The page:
For people living with generalized musculoskeletal aches and pains activities usually taken for granted -- lifting a gallon of milk, peeling potatoes, or washing dishes -- may cause diffuse pain. What if you suffer such aches, and your physician is having difficulty coming up with an explanation? Could you have fibromyalgia?


Fibromyalgia syndrome is a common condition associated with widespread aching, stiffness and fatigue. (A syndrome is defined as several signs and symptoms which occur together.) Although many patients feel that pain originates in the joints, fibromyalgia mainly affects muscles, ligaments and tendons. Despite the symptoms, inflammation is not an important part of this condition.
A diagnosis of fibromyalgia is based on patient complaints; unfortunately, no laboratory tests are helpful. Generalized pain is the most prominent feature. Most patients complain of aching and stiffness in areas around the neck, shoulders, upper back, lower back and hip areas. Discomfort may start on one area, then spread to others over time. The pain is often affected by weather conditions, sleep patterns, activity level, and stress. The general physical examination is usually normal, but careful musculoskeletal examination reveals specific localized "tender points." Tender points are usually found on both sides and in the upper and lower portions of the body. The presence and pattern of tender points, in association with widespread pain, distinguish fibromyalgia from other generalized musculoskeletal conditions.
Several complaints may be seen in association with fibromyalgia, including tension and migraine headaches, abdominal pain, bloating, with alternating constipation and diarrhea suggestive of irritable bowel syndrome, as well as bladder spasms and irritability causing urinary urgency or frequency.
Changes in mood and thinking are common in fibromyalgia. Some people may feel anxious and depressed. It is important to remember that people with many chronic illnesses suffer "reactive" depression. People with fibromyalgia may report difficulty concentrating when performing simple mental tasks. Many experience a sleep disorder in which they wake up feeling unrefreshed, even though they may fall asleep without difficulty. Frequent awakenings with a non-restorative quality to the sleep are commonplace. Research has shown that disruption of deep sleep alters many body functions and pain perceptions.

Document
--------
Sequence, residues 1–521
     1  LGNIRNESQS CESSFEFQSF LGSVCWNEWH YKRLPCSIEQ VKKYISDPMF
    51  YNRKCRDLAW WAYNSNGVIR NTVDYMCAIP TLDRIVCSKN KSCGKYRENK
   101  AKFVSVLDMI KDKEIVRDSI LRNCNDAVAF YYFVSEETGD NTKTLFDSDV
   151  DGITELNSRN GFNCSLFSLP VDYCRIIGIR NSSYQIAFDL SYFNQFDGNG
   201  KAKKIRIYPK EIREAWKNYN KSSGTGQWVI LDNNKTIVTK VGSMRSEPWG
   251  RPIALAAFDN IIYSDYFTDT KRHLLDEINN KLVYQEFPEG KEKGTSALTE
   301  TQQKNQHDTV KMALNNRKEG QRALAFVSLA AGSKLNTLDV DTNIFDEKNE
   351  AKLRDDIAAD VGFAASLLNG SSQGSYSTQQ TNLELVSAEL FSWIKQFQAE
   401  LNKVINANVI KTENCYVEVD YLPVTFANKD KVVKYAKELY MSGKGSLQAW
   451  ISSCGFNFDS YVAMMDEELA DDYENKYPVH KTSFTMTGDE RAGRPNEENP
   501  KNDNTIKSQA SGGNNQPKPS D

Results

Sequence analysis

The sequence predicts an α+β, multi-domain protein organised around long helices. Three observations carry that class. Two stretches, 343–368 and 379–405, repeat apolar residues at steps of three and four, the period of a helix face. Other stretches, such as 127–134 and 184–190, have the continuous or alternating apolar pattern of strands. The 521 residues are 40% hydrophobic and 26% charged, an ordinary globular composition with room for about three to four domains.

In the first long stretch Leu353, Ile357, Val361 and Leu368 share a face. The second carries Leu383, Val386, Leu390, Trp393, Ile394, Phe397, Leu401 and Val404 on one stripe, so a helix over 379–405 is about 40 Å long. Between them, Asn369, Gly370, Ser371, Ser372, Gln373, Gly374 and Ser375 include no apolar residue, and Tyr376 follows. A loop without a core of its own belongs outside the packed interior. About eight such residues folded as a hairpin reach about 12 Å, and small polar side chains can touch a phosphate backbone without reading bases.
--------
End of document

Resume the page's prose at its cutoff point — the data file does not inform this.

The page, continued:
Occasionally, fibromyalgia patients may feel the sensation of numbness and tingling in various body parts, specifically the hands and the feet.
Most people with fibromyalgia experience moderate to severe fatigue along with decreased exercise endurance. Some people with fibromyalgia have symptoms of chronic fatigue syndrome and because there is an overlap between fibromyalgia and chronic fatigue, it may be difficult at times to separate the two.
It is not unusual for patients with fibromyalgia to suffer symptoms for months to years and undergo many tests and specialist evaluations before the diagnosis is made. Because various tests are normal and patients look well to family, friends, and even health care providers, many are considered to have no "real" condition. Feelings of guilt, anger, anxiety, and depression may result.


Many different factors, alone or in combination, may trigger fibromyalgia. Stressors such as viral illnesses and emotional or physical trauma may lead to the generalized pain and fatigue associated with this condition. Patients subsequently become inactive and anxious about their health, further aggravating the disorder. Research has focused on whether certain chemicals and hormones that alter pain, sleep, and mood play a role.